Monday, March 10, 2014

A Complicated Sadness

A long time ago in a teeny, tiny town far, far away...

...I taught at an elementary school. I think many of you already knew that.

It was the most rewarding job I ever had. It was also the most difficult. As much as I enjoyed working with children, the education system as a whole didn't work for me. After four years I left. That was twenty years ago.


Early in February a name on a book's acknowledgements page jumped out at me. (Yes, I am one of those people who reads the acknowledgements.) The author's son had the same name as a boy I taught all those years ago. I wondered if that boy and the author's son were the same person. I had never met the boy's father. His parents had split up. The father was never mentioned. The author seemed old enough to have a twenty-something son, and he lives close enough to the teeny-tiny town to make the relationship a possibility. I was intrigued by the coincidence, particularly since I had met the author a couple years ago.

Because of this, and because I'm a generally nosey person, I decided to do some online snooping to see if the author was the father of my long-ago student. What I found was a memorial page on Facebook. My former student committed suicide in November.

I was caught completely off guard by how sad that made sad it still makes me.


When I think of my former students I think of them as they were. Each one, even the ones that didn't conform to the constraints of the education system, had some spark of potential. Occasionally, when I realize that my memories are twenty years old and those children are now grown up, I imagine that potential fulfilled. I imagine adults with dreams and careers and families. I imagine they are happy. Knowing that it was otherwise for this young man, particularly since I remember him as a bright, happy, smiling child, has left me feeling...

What I'm feeling is complicated. I feel sad. I feel like the world is a bit darker for this loss. I feel surprise at my emotion over a child I haven't seen in twenty years. This leads my to feeling a bit like a creepy stalker, though my common sense knows this is not the case. I feel heart-sick for his family. 


Today, when I took a break from writing this, I discovered that Rose-Anne of Life, Love and Food had written about suicide and those left behind in her most recent post.  Her honesty and generosity humble me.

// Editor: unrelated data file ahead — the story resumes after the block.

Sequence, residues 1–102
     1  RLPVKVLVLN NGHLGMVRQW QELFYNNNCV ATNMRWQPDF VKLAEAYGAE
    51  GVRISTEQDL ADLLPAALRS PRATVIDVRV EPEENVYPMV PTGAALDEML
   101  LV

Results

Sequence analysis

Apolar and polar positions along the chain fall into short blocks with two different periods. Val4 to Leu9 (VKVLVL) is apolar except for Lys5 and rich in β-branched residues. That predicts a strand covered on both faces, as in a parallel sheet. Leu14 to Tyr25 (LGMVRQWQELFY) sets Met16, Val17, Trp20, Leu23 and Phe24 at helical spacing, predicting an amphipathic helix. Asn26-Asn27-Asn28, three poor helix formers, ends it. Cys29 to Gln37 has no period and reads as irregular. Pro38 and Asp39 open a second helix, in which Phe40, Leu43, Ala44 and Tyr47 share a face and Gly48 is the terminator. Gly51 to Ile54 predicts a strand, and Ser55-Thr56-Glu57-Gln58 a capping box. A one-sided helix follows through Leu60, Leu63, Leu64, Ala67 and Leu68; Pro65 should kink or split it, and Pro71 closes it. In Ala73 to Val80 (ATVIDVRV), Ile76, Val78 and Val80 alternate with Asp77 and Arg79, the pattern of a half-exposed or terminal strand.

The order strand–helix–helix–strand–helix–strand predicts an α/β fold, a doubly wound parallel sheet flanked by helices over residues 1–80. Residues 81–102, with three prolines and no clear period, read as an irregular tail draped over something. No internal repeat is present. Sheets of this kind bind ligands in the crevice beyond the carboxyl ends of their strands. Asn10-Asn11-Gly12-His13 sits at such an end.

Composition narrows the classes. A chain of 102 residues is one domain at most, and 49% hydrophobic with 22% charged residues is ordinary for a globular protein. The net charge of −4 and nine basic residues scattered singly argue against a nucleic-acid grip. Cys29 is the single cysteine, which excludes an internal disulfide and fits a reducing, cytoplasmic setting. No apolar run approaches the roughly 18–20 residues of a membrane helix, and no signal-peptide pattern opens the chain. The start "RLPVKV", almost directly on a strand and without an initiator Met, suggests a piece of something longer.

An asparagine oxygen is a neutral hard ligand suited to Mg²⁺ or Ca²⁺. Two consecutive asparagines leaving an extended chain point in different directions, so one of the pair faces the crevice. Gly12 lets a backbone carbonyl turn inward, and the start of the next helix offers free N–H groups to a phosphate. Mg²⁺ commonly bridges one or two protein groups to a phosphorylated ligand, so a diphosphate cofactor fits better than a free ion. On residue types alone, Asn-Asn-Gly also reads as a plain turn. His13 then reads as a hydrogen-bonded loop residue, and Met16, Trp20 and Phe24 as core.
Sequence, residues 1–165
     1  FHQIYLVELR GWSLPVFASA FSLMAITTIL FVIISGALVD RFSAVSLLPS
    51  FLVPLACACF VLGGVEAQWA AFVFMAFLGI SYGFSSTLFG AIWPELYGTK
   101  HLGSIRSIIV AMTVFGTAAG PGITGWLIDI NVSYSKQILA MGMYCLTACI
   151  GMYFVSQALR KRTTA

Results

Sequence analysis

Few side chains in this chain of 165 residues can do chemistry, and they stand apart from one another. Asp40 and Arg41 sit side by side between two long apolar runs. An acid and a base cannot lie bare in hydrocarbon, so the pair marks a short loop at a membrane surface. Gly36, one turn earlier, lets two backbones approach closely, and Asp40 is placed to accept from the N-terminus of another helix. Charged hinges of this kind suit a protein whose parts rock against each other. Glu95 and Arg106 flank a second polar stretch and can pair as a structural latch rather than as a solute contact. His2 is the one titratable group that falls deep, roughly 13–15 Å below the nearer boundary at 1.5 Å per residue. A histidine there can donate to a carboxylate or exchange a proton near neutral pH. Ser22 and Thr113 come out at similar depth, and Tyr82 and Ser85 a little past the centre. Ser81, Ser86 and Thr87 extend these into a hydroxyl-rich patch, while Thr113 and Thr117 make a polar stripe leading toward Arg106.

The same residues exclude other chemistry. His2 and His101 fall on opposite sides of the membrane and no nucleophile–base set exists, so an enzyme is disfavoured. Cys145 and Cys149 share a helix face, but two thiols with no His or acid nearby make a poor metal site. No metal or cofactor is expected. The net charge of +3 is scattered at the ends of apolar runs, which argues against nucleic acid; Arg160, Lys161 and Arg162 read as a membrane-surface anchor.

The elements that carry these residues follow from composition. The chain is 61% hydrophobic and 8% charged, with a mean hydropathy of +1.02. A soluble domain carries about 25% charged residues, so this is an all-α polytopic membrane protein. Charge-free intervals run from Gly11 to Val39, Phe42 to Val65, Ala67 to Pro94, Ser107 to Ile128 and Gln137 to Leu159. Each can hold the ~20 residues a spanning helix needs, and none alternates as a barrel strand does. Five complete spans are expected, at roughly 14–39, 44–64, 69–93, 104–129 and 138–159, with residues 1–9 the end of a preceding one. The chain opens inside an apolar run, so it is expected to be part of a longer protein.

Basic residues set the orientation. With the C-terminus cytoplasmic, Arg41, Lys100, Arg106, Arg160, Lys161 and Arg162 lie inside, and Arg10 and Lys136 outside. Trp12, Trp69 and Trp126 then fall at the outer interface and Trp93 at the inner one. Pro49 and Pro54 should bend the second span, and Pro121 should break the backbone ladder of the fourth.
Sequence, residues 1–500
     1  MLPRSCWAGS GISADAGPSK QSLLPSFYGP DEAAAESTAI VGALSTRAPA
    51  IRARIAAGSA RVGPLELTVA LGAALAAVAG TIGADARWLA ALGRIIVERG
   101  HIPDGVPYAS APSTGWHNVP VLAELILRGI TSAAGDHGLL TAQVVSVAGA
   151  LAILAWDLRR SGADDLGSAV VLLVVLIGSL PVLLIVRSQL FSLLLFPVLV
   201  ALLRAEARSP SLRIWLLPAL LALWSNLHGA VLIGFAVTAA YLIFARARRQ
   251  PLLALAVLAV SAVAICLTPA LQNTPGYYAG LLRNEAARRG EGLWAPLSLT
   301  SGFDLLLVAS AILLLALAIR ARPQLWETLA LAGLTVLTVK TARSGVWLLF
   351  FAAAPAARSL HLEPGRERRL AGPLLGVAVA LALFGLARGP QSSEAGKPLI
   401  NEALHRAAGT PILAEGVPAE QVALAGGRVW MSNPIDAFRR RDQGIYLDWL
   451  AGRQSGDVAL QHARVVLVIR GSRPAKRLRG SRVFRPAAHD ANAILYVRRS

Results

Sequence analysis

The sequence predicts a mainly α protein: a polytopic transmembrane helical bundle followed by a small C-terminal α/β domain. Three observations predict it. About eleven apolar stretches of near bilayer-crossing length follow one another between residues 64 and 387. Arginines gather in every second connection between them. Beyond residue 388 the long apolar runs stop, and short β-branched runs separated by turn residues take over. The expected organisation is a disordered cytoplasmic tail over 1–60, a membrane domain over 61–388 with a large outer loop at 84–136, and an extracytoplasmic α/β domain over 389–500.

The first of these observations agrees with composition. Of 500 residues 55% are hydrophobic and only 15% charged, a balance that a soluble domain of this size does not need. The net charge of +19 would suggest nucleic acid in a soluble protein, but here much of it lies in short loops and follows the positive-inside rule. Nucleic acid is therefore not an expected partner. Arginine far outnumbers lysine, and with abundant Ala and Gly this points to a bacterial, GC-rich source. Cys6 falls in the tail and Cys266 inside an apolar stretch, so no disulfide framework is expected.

I never did find out if the author and my former student were father and son. It seems unimportant now. 


  1. A dear friend of mine took his life and I had similar emotions. It is a very complicated tangle of thoughts that goes round in my head, even to this day. He, his family, live on the east coast and with my friend gone, I lost touch. Curiosity had been sparked about them, just as for you, and I googled the family to find the son had just been killed in a motorcycle accident. It was only just before my search. Do you think it was a coincidence that we were drawn to look these things up? I think not. For whatever reason, I think we were intended to be aware of the loss, the people etc.

    Please do savor the beauty of today!

    1. Thank you Sue. It would have never occurred to me that there could be a reason for my finding out about his death. I may never know what that reason is, but the idea gives me some comfort. Thank you.

  2. There are so many reasons to feel sad, even though it's been years since you've seen the boy. I think most of us are empathetic to other people's suffering, and can feel the pain of not only the boy, but also his family and friends. That kind of empathy seems sad, but it's really a beautiful human emotion.

    1. Thank you Val. Your kind comment means a lot to me.

  3. Thinking of you Laurie. This is such a terrible, terrible aspect of death that I just can't find words of comfort that would do any good. I hope that in the week that has passed since you wrote you have found some solace, somewhere, and that at least the shock has passed.
    Your good heart does you credit, Laurie.
    I hope there is some joy for you in the days ahead.

    1. Thank you Jan. Your kind words are making me teary, but in a good way. It has been a stormy week. Fortunately, Hubby has been here and has weathered my moods well. There's been a lot of remembering and reflecting, but I think the clouds have pretty much passed. I'm left with gratitude for all the good things in my life, like kindness of people like you.


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